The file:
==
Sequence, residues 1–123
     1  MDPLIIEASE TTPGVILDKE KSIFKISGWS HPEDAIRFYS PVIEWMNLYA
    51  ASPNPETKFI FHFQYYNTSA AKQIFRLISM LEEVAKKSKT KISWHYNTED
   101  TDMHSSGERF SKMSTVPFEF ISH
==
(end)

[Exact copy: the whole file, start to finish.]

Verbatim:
Sequence, residues 1–123
     1  MDPLIIEASE TTPGVILDKE KSIFKISGWS HPEDAIRFYS PVIEWMNLYA
    51  ASPNPETKFI FHFQYYNTSA AKQIFRLISM LEEVAKKSKT KISWHYNTED
   101  TDMHSSGERF SKMSTVPFEF ISH